Sullivan Library – The New Standard: Back for the Future

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Friday, September 26th – Shards of Alara is set to shake up Standard when it makes its debut in a little over a week’s time. With 249 cards to be added to the format, it’s easy to forget that, as cards disappear into the Extended twilight, one of the best paths to success comes through focusing on what we already have. Adrian examines the cards available in 10th Edition, and how they could impact the Block Constructed strategies that will form the spine of the New Standard.

As I write this, Shards is spoiled. As with all spoilers, it is liable to have some small mistakes. And, as usual, there are likely to be cards that stick with us more in our memory from the bad moments of spoilerdom than from other bits — I’m sure I’ll be thinking “lipstick” every time I read the flavor text of a certain 5/4. Regardless of the accuracy of this spoiler, it is a reminder that we are once again on the cusp of new formats. In a very short while, Extended and Standard will shift and we’ll be looking at a whole new ball of wax.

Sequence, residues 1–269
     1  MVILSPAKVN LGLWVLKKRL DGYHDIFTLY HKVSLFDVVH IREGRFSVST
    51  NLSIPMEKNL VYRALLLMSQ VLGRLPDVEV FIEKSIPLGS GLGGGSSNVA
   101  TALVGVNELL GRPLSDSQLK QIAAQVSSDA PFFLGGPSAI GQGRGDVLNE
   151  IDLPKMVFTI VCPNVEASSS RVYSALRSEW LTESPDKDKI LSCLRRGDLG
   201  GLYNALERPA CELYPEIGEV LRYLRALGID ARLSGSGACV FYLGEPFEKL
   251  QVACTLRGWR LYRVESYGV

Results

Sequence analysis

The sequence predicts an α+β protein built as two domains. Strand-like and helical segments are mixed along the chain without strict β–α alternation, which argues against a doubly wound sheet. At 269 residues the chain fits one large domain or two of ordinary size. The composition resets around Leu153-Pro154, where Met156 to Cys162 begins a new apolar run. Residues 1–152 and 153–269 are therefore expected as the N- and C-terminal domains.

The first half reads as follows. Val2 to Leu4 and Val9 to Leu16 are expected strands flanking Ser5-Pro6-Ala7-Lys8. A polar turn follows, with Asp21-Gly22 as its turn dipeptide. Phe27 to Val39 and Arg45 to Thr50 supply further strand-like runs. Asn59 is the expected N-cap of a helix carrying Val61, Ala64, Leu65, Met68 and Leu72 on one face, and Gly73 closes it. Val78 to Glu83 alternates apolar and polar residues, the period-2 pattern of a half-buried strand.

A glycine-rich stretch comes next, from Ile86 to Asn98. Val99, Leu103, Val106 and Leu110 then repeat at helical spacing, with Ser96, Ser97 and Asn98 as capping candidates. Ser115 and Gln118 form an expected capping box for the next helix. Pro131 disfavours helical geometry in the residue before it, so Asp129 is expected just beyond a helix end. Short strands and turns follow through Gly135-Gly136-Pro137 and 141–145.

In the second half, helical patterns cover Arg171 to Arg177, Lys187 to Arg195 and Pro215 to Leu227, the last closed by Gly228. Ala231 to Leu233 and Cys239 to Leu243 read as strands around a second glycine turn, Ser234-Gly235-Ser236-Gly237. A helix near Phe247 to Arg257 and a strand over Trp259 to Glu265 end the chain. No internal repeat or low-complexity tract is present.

Now, Shards of Alara may be a 249 card set, but 23 of those cards already exist in 10th Edition or Lorwyn block (twenty basic land, Naturalize, Cancel, and Oblivion Ring). Contrast that with the 887 cards that are leaving without leaving behind some remnant of themselves. We’re down 660 cards, including my beloved Gaea’s Blessing.

There are many ways to approach building decks for newly shifted formats. One of the best ways that I’ve found, though, is to start with the most recent Block. We know what cards are good from this most recent block. We know what decks are good. We’ve seen them.

By most measures, the best decks from the end of the Block season were Five-Color Control, Faeries, Kithkin, Merfolk (with many variants), Elementals, Doran, and Demigod Red. Obviously, there are many other decks that might exist (like Kelpie-Control) that might be able to breath new life in a new format, but this does cover most of what people viewed as the best decks.

I might have my particular issues with these lists, but it still remains that from GP: Rimini, there were three Merfolk decks (all essentially like this one), that this was the winning Kithkin list, and the highest placing Faeries list. While I’m not a pure advocate for “what wins is the best”-style thinking, I absolutely am an advocate for “what wins is at least good (though maybe not great).”